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Behind the Scenes of 'Deconstruction of a Drag Queen'

April 13, 2012 5:05 a.m.

Behind the Scenes of 'Deconstruction of a Drag Queen'

Related Story: Behind The Scenes of 'Deconstruction Of A Drag Queen'


This is a rush transcript created by a contractor for KPBS to improve accessibility for the deaf and hard-of-hearing. Please refer to the media file as the formal record of this interview. Opinions expressed by guests during interviews reflect the guest’s individual views and do not necessarily represent those of KPBS staff, members or its sponsors.

ANCHOR: San Diego Theater Company Circle Circle Dot Dot is producing its third play in less than 2 years. It receives far less press than veteran companies like the Globe and the Playhouse. But KPBS arts reporter Beth Accomando says that with its latest production it finds its inner diva.

TAG: "Deconstruction of a Drag Queen" runs through April 27th at the Tenth Avenue Theater in Downtown San Diego. Watch Evening Edition tonight at 6:30 on KPBS-TV to see more about the production.

Circle Circle Dot Dot calls itself community based theater.

KATHERINE HARROFF: Community based theater comes from the practice of going out into the community and finding different, interesting stories to turn into a play.

That's artistic director Katherine Harroff. She founded the small company in 20-10 and writes an original play for each new production.

KATHERINE HARROFF: It's a challenge and we are young and broke. We still pull it together because we care about what it is that we are doing.

Compassion is key to successful community theater. Harroff cares about the communities she enters. She also knows how to ask good questions and then listen carefully to the answers. For "Deconstruction of a Drag Queen," she found her newest story in Anthony Diaz.

KATHERINE HARROFF: I work with San Diego dance theater and I was fortunate to meet him and watch him be a beautiful dancer. And then one beautiful morning I went to San Diego Pride and saw him perform.

Diaz was performing in drag as Grace Towers and Harroff was hooked.

ANTHONY DIAZ: She went out into the gay community, the drag community, and she wrote a play about that.

GRACE: Hello, I am Grace Towers and we are here at the opening night of "Deconstruction of a Drag Queen" put on by Circle Circle Dot Dot.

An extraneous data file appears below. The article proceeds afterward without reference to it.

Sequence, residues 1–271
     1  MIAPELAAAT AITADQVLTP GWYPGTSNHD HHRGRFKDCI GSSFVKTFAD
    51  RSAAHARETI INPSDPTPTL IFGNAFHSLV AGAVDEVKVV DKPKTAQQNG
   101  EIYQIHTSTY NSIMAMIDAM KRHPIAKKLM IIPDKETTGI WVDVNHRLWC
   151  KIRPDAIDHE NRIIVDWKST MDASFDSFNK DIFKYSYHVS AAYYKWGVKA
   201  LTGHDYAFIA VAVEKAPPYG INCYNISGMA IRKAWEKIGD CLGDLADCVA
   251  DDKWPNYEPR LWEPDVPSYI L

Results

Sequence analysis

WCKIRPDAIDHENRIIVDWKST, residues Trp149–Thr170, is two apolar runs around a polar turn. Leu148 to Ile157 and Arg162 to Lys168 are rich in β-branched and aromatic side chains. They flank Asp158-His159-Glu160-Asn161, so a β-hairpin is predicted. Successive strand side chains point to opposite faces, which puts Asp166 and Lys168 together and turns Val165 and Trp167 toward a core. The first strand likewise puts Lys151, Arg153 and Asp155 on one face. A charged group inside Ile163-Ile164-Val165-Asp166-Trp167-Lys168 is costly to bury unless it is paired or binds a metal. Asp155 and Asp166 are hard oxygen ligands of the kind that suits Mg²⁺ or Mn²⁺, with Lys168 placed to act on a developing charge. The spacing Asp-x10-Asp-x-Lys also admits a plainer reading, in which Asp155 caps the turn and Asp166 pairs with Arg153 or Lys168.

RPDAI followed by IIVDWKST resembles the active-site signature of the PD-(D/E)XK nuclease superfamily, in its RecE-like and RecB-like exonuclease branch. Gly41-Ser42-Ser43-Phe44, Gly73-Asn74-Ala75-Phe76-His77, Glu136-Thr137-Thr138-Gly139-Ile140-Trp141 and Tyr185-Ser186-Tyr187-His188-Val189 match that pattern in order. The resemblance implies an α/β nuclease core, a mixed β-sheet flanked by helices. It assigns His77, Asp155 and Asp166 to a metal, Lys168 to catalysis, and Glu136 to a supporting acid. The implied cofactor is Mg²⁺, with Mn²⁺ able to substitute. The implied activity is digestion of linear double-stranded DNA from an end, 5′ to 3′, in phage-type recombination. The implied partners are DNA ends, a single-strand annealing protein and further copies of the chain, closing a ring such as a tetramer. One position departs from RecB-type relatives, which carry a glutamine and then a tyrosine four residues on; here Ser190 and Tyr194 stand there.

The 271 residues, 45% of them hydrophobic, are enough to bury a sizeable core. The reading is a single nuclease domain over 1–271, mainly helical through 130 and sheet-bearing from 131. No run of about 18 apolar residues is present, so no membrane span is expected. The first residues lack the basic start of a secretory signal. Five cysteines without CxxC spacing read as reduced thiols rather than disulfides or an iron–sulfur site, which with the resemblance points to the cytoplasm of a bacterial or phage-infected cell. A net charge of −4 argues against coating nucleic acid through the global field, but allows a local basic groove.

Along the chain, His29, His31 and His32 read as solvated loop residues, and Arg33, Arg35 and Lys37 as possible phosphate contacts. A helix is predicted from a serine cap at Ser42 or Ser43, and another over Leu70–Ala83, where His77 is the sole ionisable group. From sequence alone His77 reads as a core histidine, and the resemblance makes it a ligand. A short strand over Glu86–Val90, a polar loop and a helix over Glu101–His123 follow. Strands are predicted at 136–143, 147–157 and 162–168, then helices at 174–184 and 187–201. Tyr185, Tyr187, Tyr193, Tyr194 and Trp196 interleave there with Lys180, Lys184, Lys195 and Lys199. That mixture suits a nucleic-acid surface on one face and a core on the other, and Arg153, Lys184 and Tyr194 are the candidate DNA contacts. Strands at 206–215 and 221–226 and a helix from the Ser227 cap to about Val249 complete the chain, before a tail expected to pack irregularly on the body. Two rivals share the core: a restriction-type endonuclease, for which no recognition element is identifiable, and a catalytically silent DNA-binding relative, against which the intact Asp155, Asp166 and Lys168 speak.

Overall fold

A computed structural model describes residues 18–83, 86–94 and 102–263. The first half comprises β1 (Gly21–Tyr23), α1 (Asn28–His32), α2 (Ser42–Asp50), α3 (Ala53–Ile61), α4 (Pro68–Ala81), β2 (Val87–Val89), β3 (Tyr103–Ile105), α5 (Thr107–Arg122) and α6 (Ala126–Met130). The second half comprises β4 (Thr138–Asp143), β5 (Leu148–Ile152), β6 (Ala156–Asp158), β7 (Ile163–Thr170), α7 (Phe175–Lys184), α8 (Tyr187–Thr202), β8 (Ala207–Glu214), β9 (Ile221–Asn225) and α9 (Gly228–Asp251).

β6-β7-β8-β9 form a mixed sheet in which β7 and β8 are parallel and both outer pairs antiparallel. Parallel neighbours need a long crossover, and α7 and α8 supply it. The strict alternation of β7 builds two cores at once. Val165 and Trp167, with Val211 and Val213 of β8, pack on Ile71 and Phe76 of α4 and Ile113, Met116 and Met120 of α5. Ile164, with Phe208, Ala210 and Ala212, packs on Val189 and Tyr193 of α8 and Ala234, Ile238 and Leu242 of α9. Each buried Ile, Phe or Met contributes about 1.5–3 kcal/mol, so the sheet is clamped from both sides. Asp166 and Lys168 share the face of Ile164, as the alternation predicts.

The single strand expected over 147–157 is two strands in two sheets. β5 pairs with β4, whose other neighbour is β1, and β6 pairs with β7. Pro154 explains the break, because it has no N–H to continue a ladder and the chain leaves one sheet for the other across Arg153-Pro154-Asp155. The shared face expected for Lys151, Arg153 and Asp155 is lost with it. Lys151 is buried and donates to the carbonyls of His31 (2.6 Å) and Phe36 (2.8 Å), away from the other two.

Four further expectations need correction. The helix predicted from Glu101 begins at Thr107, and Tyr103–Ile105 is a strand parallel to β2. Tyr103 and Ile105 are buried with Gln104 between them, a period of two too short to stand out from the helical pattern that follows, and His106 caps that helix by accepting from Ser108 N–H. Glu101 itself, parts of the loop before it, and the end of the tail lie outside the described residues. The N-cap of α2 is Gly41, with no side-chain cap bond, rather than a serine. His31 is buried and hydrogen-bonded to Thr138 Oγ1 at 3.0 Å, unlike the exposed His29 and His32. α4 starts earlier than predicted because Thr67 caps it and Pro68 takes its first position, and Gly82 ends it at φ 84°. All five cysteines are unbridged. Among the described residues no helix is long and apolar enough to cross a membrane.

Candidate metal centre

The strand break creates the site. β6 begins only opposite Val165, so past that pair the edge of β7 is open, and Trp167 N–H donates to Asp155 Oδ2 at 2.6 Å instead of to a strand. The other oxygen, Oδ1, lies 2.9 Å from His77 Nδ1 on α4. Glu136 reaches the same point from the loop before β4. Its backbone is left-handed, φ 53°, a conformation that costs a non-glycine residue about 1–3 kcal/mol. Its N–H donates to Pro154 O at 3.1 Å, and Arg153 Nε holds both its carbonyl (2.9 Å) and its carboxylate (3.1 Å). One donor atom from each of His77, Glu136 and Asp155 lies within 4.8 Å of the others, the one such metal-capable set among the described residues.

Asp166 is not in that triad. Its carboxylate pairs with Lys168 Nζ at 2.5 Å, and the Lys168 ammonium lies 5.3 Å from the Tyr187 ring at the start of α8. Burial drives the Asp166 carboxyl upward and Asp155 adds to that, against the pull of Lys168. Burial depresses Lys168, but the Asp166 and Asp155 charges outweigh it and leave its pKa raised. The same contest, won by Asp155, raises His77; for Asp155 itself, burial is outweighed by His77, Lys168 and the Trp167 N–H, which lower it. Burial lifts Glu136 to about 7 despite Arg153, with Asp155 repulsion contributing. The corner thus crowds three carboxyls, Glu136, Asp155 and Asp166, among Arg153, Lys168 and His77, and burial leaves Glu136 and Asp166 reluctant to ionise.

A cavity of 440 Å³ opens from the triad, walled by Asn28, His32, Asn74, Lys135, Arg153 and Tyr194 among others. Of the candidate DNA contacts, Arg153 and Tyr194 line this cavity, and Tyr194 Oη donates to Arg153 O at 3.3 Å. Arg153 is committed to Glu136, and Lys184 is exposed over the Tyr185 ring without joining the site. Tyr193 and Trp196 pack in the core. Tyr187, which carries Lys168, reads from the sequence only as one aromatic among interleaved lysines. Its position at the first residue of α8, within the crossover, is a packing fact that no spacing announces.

The 27-year-old Diaz says the play's about him finding the courage to become Grace Towers.

ANTHONY DIAZ: There was some hesitation when I was first thinking about potentially putting my life on the stage this way with Katie.

Hesitation because Diaz had a difficult relationship with his mother. That relationship is pivotal says actor Shaun Tuazon, who plays Diaz's stage alter ego.

SHAUN TUAZON: You sort of see him exploring ways to express himself and in the play you see his mother holding him back from being his true self.

CLIP Deconstruction of a Drag Queen
Michael: What if I want to dance and be on stage and I like fashion and clothes and I'm good at school? What can't I be all that?
Mother: You aren't that. No. No son of mine in my house ever.

Diaz would find a new and more supportive family within the drag community and the play pays tribute to those flamboyant divas.

CLIP I am the Duchess Honey Mustard.

But the drag community has been appreciative of how the play finds the humanity beneath the glitter. Harroff spoke about drag with Fernando Lara whose performs as Fifi at Lips.

KATHERINE HARROFF: He said a lot of times, most times , drag queens are seen as clowns or strippers and that the art of it is really lost on a lot of people.

ANTHONY DIAZ: There's a lot that goes into it. It's not just putting on make up, it's not just putting on a wig, there's a lot of preparation there's a lot of creating the illusion, there's a lot of creating the performance and just like any other art form we are passionate about it.

Which is not to say they don't have fun in the process. Backstage at 10th Avenue Theater, Diaz helps actors turn into divas. One of the things he provides are hips.

ANTHONY DIAZ: New hips sponsored by lazy boy... And boys don't have hips like girls do. So we create hips out of foam. I'm giving all my tricks away. All my secrets...

Getting people to reveal their secrets is what Katherine Harroff is good at. Her brand of community based theater may not overtly push for social change but it strives to educate.

KATHERINE HARROFF: And that's kind of the point that you come and you learn about something that's different or scary or something that you would otherwise not want to know anything about and you can see yourself in it and you can connect with it.

If audiences can connect with the characters on stage then maybe they can be more tolerant and accepting of others. After a dress rehearsal, Anthony Diaz felt he was right to trust Harroff with his story.

ANTHONY DIAZ: My heart is so full right now it really is and it's so amazing to have so many compassionate artists behind this it really means a lot.

Beth Accomando, KPBS News.